Rocky Mount to celebrate ‘Spirit of the Harvest’

9:38 am | October 15, 2012

Bringing in the harvest once served as a major social event during frontier times in the region.

Photo Contributed
A re-enactor stirs apple butter during a previous “Spirit of the Harvest” celebration at Rocky Mount Living History Museum.

Rocky Mount Living History Museum will present “Spirit of the Harvest” Saturday, Oct. 20, from 11 a.m. to 5 p.m. “The event is Rocky Mount’s annual event celebrating the harvest season of the Cobb Family and the other early settlers of Tennessee. In addition to “Living History” tours of the Cobb home, there will be a number of demonstrations and craft classes related to the fall season and storytelling. Demonstrations include hearth side cooking, blacksmithing, apple butter making and apple cider pressing. A demonstration of historic salt making by Jim Bordwine of Saltville, Va., will be a distinctive demonstration for this year.

Admission for “Spirit of the Harvest” is $5 per person ages 5 and up; members of the Rocky Mount Historical Association get free admission. Craft classes for cornshuck dolls and candle dipping will be offered for an additional $2 per craft.

Bordwine has been demonstrating traditional saltmaking for 10 years. The European settlers first came to the Saltville area around 1750 and started the salt industry soon after discovering the huge body of salt under their feet. Before refrigeration, salt was of the utmost importance for preservation of food. During the Civil War Saltville was producing salt for all the Southern States. In 1864 alone, Saltville sold one hundred million dollars worth of salt, even with two battles fought in the valley that year. Salt is still being produced in Saltville today.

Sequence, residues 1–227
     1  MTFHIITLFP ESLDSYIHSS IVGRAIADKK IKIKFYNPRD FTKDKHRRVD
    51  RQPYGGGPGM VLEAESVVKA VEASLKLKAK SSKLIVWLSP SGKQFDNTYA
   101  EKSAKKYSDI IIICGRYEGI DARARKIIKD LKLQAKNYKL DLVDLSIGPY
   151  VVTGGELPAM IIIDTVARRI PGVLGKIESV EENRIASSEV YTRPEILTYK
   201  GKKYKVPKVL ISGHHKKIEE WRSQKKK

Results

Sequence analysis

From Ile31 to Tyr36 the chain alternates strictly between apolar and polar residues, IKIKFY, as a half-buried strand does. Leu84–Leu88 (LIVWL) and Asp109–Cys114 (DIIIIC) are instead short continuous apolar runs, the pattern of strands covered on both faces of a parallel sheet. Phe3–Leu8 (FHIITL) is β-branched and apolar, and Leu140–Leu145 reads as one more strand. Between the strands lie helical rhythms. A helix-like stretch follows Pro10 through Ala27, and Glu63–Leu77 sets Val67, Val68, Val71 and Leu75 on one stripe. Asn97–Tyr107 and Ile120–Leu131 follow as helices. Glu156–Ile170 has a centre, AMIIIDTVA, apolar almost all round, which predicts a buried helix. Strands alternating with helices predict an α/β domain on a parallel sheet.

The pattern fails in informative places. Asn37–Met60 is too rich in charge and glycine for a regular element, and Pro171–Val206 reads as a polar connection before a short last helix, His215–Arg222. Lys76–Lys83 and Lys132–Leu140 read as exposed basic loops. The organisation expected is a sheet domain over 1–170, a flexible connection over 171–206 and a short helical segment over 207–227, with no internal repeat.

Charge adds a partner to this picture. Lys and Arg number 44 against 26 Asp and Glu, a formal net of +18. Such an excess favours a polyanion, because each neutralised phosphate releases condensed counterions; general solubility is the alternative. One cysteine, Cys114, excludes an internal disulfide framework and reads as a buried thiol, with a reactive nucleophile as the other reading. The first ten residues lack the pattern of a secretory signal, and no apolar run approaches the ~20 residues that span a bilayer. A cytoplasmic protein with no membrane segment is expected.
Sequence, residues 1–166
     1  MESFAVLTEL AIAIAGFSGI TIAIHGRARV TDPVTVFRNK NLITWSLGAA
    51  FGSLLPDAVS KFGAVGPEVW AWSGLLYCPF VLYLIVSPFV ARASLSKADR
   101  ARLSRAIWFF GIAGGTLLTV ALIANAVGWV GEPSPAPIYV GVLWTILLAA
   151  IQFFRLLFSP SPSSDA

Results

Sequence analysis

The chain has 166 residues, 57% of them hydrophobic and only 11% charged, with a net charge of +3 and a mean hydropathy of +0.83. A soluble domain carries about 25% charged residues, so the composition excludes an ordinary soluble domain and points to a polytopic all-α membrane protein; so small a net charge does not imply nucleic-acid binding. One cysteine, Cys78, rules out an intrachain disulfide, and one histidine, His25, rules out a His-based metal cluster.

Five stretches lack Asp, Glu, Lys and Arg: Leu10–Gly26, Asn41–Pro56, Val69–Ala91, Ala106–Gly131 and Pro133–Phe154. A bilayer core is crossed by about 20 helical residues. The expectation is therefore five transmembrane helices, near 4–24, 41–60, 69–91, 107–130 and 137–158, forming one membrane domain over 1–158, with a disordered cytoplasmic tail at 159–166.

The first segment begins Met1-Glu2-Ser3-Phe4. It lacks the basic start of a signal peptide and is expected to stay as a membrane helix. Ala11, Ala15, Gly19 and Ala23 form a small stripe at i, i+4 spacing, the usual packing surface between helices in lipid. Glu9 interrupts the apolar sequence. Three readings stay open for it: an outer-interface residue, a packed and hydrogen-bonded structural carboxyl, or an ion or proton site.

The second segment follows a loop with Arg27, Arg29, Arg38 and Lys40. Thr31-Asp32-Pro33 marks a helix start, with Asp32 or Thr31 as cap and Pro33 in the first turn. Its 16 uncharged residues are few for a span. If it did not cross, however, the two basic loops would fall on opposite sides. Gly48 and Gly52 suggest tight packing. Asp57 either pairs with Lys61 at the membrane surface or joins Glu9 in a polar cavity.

From 1 to 3 p.m., storytelling and music programs will be held in Rocky Mount’s theater. Featured performers are MaryGrace Walrath, member of the Jonesborough Storytellers Guild and Trae McMaken, fiddler and storyteller. Walrath is a performing member of the Jonesborough Storytellers Guild and Beaver Creek Storytellers in Bristol. She also belongs to the Tennessee Storytelling Association and the National Storytelling Network. More information about Walrath can be found at www.marytales. org

McMaken is an adjunct professor in the prestigious Bluegrass, Old Time, and Country Music program at East Tennessee State University. Funds from the National Park Service are providing for his performance, which will focus on the story of the Overmountain Men and their victory at Kings Mountain. For more information on his illustrious music and storytelling career visit

Rocky Mount is a State of Tennessee Historic Site administered cooperatively with the Tennessee Historical Commission and the Rocky Mount Historical Association. Rocky Mount Museum is a “living history” museum, which uses first-person interpretation to portray people living in 1791. Rocky Mount is open for tours Tuesday through Saturday from 11 a.m. until 5 p.m. Living History tours and the facility are available by reservation at any time, including Sundays and Mondays for school and other groups, with advance reservations. For more information, call 538-7396, 1-888-538-1791 or visit www.rockymountmuseum. com.

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